Forces and Motion | Electricity and Magnetism | Properties of Matter

Air resistance - how can it work?

Teaching Guidance for 5-11 11-14 Supporting Physics Teaching

Air getting in the way

Wrong Track: Air is so light, how can it be strong enough to exert a force?

Right Lines: Air is not nothing. It has a mass and it does get in the way of moving objects.

Particles colliding

Thinking about the learning

For many learners air is seen as nothing. Comparing the mass of air in a small domestic room to the mass of a child might help to undermine this distinction (both can be 40 kg).

It is invisible and so doesn't really amount to much, if anything. It certainly is not the same sort of thing as a car engine, which we can see is strong enough to exert a force. The fact that air pressure at the surface of the Earth is about 100,000 newton metre-2 of surface is also not at all obvious.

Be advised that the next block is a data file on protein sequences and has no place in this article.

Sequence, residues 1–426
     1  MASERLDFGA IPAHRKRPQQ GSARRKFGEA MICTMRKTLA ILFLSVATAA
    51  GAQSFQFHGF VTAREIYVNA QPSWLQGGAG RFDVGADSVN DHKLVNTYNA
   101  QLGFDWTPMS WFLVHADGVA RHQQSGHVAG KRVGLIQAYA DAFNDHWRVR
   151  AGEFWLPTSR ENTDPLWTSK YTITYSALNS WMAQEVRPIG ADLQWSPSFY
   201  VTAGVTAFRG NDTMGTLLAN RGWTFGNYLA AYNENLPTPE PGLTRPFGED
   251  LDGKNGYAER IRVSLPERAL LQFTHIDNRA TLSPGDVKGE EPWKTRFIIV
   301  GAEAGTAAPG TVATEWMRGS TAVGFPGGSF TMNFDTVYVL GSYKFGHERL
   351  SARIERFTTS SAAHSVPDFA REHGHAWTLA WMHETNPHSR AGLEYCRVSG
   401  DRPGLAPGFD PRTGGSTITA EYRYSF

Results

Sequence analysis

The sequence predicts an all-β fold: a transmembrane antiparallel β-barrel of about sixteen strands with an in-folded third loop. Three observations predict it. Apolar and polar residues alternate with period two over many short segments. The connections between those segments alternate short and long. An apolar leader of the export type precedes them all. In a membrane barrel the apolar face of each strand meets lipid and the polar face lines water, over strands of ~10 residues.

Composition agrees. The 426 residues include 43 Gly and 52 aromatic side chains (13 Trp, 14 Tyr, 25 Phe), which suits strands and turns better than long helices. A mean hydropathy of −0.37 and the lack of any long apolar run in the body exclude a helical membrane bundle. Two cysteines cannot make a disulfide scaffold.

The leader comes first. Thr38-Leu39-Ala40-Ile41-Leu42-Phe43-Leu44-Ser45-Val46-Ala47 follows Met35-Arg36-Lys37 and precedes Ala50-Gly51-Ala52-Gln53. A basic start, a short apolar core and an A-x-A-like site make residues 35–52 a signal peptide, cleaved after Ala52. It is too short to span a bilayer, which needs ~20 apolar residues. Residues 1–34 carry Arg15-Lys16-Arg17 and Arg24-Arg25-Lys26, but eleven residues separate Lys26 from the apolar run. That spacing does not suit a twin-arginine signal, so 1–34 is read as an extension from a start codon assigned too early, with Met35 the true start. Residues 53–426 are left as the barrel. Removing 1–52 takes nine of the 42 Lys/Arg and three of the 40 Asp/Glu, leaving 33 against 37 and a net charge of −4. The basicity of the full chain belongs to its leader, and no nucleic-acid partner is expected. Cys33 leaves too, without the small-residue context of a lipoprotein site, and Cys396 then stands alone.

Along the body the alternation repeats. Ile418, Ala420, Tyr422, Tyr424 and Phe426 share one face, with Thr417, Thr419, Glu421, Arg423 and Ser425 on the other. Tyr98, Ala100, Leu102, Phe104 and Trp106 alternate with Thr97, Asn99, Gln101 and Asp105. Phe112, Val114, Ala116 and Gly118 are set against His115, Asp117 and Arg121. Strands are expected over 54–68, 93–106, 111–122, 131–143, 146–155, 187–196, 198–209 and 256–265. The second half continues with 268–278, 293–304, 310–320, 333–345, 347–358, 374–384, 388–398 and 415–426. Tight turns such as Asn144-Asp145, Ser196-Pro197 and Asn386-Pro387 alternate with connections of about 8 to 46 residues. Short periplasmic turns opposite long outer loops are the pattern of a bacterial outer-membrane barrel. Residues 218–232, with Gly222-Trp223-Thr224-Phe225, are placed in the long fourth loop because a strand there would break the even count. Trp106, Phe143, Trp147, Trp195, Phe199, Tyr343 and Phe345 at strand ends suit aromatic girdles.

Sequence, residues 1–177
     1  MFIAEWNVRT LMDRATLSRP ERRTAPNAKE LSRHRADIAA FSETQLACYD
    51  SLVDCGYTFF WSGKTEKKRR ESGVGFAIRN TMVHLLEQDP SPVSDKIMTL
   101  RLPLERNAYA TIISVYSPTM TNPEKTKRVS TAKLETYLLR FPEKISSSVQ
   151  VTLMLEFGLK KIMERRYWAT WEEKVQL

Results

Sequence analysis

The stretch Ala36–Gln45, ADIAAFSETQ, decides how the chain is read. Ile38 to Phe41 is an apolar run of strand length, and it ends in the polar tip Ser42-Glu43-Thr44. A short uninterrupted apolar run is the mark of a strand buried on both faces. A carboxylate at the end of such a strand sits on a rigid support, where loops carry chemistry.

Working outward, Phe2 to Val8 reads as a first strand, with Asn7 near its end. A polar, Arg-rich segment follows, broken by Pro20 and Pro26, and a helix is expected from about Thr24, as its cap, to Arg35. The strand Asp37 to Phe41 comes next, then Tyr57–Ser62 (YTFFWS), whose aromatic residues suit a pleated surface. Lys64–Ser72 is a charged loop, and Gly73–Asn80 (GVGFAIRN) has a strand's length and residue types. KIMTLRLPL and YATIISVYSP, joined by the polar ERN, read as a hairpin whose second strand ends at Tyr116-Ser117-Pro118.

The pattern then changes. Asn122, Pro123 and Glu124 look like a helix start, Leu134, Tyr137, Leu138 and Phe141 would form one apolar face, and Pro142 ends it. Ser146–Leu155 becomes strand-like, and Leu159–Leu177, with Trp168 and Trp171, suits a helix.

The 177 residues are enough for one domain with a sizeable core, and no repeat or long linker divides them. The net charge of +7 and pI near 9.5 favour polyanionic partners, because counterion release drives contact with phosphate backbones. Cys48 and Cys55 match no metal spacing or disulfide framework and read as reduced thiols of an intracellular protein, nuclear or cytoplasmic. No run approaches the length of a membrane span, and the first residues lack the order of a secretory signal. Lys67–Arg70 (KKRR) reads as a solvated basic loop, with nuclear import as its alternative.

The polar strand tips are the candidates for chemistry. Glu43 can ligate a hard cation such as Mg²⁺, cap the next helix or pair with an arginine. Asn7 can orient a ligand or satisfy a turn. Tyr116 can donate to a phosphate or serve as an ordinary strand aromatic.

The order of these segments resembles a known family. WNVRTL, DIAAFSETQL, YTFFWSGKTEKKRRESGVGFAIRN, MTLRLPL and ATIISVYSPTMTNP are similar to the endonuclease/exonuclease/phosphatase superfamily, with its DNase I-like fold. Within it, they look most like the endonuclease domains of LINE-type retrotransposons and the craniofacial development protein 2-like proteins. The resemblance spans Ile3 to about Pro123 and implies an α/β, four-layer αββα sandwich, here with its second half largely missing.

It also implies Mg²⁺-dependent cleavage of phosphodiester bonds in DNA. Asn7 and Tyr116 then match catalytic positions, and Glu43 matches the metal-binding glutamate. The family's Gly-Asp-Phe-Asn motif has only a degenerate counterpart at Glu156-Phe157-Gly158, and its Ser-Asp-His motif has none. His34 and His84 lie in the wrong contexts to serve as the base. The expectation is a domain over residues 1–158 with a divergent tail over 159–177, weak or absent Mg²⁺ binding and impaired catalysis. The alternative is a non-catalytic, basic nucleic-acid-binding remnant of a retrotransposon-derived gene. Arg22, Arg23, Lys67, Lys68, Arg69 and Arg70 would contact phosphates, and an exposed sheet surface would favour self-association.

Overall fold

Thinking about the teaching

There are many cases where we need air to get in the way. Parachutes rely on air colliding with the large area of the canopy. Wind generators move because air exerts a force on the blades. Sail boats depend on a force from moving air. Although air does have a low density, if we can bump into enough of it (via a large area like a sail) and if the air is moving fast enough it will exert a considerable force. The moving air is not in itself a force. The air doesn't carry a force simply by moving. However, when the air collides with a surface, both the air and the surface experience a force. A force from the surface acts on the air to slow it down. There is a force in the opposite direction acting on the surface. It is this force on the surface which drives the sail boat through the water.

Motion is relative. Air colliding with a surface happens when either the moving air hits the surface (e.g. a sail boat) or the moving surface hits the air (e.g. a parachute or a sprint cyclist).

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